Ask a Question: Good teachers look at their students work and they think about the topic they will be teaching. They ask, What do my students need? Where do they need to go from here? What are my next steps? How will those next steps get them closer to the final steps? Skilled teachers are constantly asking these kinds of questions.

Do Background Research: Looking at student work is terrific background research. Teachers look at what their students can do and what they can't, and they gather more information about it.  They look at other anchor work that represents what it is they are striving to reach. They look on reputable sites to teach themselves. They talk to trusted colleagues.

Construct Hypothesis: Based on the question and the research, teachers formulate their hypothesis. A hypothesis in the classroom might sound something like this: "I think my students need a lesson on analyzing evidence and not just piling quotes into their paragraphs.  They need to take out every piece of evidence from their paper to see that they are overusing quotes." Once you've constructed this hypothesis, you don't know that doing this lesson will achieve the exact result you're after. You're hoping it will, but you don't know for sure.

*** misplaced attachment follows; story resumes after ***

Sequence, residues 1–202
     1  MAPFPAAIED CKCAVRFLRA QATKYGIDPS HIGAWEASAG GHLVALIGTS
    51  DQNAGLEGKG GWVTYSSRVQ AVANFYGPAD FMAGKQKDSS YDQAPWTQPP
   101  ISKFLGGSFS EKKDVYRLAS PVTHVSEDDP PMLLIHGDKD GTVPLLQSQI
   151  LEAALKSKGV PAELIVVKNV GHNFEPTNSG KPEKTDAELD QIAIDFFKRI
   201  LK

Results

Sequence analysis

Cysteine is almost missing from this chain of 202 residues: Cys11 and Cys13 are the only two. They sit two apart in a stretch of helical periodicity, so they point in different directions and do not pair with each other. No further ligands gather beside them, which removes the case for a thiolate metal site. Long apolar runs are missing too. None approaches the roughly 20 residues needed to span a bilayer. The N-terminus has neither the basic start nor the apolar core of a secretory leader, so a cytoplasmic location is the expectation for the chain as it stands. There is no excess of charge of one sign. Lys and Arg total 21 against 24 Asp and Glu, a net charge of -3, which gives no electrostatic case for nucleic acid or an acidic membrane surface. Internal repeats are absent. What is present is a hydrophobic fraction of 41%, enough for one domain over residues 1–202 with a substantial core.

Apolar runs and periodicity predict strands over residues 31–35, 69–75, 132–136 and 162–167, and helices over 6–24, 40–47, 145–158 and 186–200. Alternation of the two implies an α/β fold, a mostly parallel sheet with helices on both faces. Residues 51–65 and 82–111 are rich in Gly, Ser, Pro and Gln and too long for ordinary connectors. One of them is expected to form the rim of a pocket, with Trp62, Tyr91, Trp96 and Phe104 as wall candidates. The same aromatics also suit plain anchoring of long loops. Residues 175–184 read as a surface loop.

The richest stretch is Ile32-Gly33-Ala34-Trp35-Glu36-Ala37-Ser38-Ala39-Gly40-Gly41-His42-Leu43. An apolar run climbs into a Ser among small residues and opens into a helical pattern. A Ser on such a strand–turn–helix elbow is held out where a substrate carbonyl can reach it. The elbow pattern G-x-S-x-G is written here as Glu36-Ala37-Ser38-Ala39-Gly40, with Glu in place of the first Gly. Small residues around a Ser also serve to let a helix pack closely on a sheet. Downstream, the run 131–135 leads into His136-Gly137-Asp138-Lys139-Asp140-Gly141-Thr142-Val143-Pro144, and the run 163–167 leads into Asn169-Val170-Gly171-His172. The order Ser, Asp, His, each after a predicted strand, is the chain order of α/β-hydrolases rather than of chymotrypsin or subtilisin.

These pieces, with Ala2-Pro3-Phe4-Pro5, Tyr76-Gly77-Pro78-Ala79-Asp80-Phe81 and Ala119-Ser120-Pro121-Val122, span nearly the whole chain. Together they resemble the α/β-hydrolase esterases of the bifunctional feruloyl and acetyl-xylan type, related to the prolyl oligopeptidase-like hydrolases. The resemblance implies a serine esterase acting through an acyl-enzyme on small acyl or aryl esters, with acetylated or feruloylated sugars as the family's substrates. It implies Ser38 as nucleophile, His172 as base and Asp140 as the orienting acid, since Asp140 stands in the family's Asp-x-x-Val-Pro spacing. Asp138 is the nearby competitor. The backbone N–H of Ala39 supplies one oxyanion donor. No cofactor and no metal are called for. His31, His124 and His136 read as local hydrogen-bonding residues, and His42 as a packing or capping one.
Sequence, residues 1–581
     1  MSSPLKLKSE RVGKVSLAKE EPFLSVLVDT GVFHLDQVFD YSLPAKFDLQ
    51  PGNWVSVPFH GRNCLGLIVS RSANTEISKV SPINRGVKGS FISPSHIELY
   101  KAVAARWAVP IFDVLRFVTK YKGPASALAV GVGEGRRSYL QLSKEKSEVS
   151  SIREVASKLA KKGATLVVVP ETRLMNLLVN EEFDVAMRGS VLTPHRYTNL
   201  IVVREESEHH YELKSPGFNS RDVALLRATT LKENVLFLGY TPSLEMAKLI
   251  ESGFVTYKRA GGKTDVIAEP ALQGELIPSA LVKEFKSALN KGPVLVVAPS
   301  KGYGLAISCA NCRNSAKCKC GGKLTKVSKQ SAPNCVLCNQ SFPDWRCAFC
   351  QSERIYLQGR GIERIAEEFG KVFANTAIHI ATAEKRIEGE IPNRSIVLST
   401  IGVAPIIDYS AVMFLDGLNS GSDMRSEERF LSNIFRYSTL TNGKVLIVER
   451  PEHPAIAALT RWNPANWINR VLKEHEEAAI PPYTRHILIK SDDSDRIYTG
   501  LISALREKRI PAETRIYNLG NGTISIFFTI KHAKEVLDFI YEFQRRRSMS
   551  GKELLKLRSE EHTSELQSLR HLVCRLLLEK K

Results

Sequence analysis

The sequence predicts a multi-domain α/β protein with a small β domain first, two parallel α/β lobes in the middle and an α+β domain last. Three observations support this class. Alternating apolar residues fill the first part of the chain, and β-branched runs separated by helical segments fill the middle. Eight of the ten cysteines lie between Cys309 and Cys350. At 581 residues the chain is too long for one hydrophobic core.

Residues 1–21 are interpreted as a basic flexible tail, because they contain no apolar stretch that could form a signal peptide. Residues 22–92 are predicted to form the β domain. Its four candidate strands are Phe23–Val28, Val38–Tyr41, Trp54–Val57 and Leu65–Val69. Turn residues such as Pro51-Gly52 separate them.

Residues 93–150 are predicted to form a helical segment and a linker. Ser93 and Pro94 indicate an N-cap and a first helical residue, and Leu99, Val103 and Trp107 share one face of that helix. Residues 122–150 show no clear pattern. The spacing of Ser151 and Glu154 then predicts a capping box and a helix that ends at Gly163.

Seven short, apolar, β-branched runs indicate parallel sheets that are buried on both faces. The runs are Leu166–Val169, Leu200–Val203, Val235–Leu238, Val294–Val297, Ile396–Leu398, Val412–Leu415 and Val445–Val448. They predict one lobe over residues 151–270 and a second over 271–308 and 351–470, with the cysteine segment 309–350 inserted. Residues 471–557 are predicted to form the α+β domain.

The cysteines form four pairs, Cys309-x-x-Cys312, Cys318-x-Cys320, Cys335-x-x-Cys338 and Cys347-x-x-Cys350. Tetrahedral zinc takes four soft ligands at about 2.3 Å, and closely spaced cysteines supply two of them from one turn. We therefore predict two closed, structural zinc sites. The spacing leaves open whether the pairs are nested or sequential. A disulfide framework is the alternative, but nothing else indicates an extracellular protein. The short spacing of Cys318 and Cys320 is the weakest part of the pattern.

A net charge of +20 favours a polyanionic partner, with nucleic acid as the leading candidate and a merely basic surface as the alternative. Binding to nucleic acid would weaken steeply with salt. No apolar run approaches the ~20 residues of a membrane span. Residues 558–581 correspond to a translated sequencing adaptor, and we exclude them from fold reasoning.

Plan and Test Experiment: The experiment is for the teacher. Planning a lesson to execute how to deal with the hypothesis is important, and the actual lesson is where you test it out. No, you're not 'experimenting' on the students. You're experimenting with your hypothesis - whether your hypothesis will hold up, whether your next step got the result you thought it might.

Analyze Results: Once the lesson is over, you can look at the student work and think about whether your hypothesis was right. Did your lesson get the students where you thought it would? Did taking out all the quotes build awareness in these writers? For example, do they now, in their revised or new papers, have a better balance of evidence and ideas?

If yes, then you've been successful.  If no, then it's time to go through the process again. That lesson wasn't quite right.

And it starts all over.